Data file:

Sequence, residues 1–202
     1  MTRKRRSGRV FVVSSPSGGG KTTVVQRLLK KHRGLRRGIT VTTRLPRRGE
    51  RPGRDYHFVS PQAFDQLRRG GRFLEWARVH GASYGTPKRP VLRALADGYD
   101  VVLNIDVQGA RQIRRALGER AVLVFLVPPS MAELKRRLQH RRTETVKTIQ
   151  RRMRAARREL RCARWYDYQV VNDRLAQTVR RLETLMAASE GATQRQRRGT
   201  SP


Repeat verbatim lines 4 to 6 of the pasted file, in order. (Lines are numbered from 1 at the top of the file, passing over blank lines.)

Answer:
   101  VVLNIDVQGA RQIRRALGER AVLVFLVPPS MAELKRRLQH RRTETVKTIQ
   151  RRMRAARREL RCARWYDYQV VNDRLAQTVR RLETLMAASE GATQRQRRGT
   201  SP